Posco, the world’s third-largest steelmaker, said the cost of its proposed plant in India will increase at least 20 percent as land-acquisition and government delays have set the project back by more than six years.
The company will arrive at a final figure after it secures land for the project, estimated at $12 billion in 2005, Posco India Chairman and Managing Director Yong-won Yoon said today in an interview at Paradeep, near the plant site in the eastern state of Odisha. Construction may start this year, he said.
The project, billed as the biggest overseas investment in the South Asian nation, has been hampered as farmers refused to vacate the government-owned land they have occupied for generations. The Pohang, South Korea-based company has endured the delays, attracted by India’s average 10 percent growth in annual steel consumption over the past six years.
The government has taken over 2,000 acres and Posco will seek transfer of the land after 2,700 acres, or about two-thirds of the area needed for the project, has been acquired, Yong-won said. The initial annual 8 million metric ton capacity will be built in two equal phases, Deputy Managing Director Ho-Chan Ryu said in the same interview. Construction will take about five years, he said.
Posco gained 0.5 percent to close at 416,000 won in Seoul trading, compared with a 1.3 percent increase in the local benchmark Kospi index. The stock has gained 9.5 percent this year, underperforming an 11 percent gain in the Kospi.
The company remains committed to its original plan of building a 12 million ton project, Ho-Chan said. The balance of capacity will come after land-acquisition issues have been settled with the villagers, he said. Security is an issue at the site, Yong-won said.
Posco is looking to reduce the size of land for the project from the original 3,719 acres, said two people last month, declining to be identified. The plant size may be cut to 8 million tons from 12 million tons, one of them said.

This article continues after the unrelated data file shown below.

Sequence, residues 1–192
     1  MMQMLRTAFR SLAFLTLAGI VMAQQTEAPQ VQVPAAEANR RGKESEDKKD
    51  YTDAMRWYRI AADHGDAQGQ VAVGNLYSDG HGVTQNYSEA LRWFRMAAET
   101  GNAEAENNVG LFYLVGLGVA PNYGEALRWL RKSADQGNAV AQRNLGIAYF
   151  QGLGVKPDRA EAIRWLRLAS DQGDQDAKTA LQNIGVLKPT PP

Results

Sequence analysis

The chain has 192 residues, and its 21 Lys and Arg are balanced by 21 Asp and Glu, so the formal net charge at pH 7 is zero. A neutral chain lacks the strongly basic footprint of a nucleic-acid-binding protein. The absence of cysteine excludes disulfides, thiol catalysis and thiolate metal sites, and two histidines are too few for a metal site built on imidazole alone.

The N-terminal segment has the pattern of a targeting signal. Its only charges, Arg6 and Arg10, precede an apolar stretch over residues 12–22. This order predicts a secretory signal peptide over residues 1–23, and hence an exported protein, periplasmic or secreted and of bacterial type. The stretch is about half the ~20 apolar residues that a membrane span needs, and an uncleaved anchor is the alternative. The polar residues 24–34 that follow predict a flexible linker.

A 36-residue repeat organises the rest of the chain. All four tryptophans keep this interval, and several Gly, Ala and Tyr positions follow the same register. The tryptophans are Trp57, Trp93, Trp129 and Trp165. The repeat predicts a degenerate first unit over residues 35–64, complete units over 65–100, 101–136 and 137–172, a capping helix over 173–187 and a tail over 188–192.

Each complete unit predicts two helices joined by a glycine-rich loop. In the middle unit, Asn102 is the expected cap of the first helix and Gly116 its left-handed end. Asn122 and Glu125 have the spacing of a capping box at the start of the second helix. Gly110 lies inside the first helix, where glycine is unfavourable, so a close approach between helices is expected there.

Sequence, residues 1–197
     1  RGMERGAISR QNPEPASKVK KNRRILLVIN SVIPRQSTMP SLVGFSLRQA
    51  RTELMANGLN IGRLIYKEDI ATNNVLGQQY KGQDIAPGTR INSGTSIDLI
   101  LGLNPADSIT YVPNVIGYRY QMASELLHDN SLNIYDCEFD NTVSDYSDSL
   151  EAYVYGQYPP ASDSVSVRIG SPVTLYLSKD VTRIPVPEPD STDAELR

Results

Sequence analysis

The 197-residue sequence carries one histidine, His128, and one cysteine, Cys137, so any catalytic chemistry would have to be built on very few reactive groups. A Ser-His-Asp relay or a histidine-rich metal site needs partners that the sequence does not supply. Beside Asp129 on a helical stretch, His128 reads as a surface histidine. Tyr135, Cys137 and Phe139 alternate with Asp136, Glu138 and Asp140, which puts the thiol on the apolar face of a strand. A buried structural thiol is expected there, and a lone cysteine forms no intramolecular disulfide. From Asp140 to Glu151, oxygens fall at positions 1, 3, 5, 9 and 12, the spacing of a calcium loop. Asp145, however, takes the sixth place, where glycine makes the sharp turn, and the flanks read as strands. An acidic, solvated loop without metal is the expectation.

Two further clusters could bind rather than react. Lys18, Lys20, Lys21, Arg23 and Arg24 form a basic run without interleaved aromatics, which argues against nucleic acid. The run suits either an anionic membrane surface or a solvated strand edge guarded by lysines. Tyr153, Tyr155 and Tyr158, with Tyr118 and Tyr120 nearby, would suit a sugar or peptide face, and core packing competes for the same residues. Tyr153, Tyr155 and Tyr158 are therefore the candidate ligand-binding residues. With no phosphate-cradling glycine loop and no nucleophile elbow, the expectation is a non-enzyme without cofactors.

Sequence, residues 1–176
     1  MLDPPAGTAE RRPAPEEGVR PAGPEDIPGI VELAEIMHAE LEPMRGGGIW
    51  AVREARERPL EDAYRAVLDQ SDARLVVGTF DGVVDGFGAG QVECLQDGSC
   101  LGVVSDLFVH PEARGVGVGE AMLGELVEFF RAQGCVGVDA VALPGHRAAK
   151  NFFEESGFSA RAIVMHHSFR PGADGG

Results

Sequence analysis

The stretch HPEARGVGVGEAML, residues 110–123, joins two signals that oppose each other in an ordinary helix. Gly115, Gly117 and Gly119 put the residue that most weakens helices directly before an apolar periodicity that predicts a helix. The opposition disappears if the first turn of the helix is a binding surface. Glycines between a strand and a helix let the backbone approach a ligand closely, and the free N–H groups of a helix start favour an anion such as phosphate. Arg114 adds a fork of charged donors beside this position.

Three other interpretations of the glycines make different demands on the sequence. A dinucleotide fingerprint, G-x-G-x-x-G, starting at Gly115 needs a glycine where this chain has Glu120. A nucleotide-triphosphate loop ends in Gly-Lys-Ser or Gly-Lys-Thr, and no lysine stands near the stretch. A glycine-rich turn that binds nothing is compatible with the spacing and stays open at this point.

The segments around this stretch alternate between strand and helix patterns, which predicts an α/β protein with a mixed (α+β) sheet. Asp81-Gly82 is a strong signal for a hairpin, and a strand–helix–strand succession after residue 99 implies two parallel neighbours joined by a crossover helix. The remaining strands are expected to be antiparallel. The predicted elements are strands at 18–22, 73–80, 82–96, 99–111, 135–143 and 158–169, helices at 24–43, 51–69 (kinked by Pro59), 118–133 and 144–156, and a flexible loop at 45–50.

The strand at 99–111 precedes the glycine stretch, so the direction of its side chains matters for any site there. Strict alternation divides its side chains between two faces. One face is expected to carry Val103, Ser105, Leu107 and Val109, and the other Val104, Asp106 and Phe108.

Posco agreed to remove a clause in its original approval that allowed it to export 30 percent of the iron ore produced at the mine, one of the people said. The clause in the mining agreement with the state government was being renegotiated last year after it expired. Odisha was known as Orissa until its name changed in November.
India’s steel ministry in November estimated the country’s demand may grow at 9 percent per annum over the next five years. Posco and rivals including ArcelorMittal, the world’s top producer, are looking to build steel factories in India on expectations the consumption there will outpace global demand.
ArcelorMittal has $20 billion of planned projects in the states of Odisha and Jharkhand and has also waited more than six years because of delays in securing approvals and land. The two companies have also planned investments in a proposed factory in the southern state of Karnataka.
ArcelorMittal may secure all the land for its $6.3 billion plant in the southern state of Karnataka by this month, state Industries Commissioner Maheshwar Rao said on Sept. 20.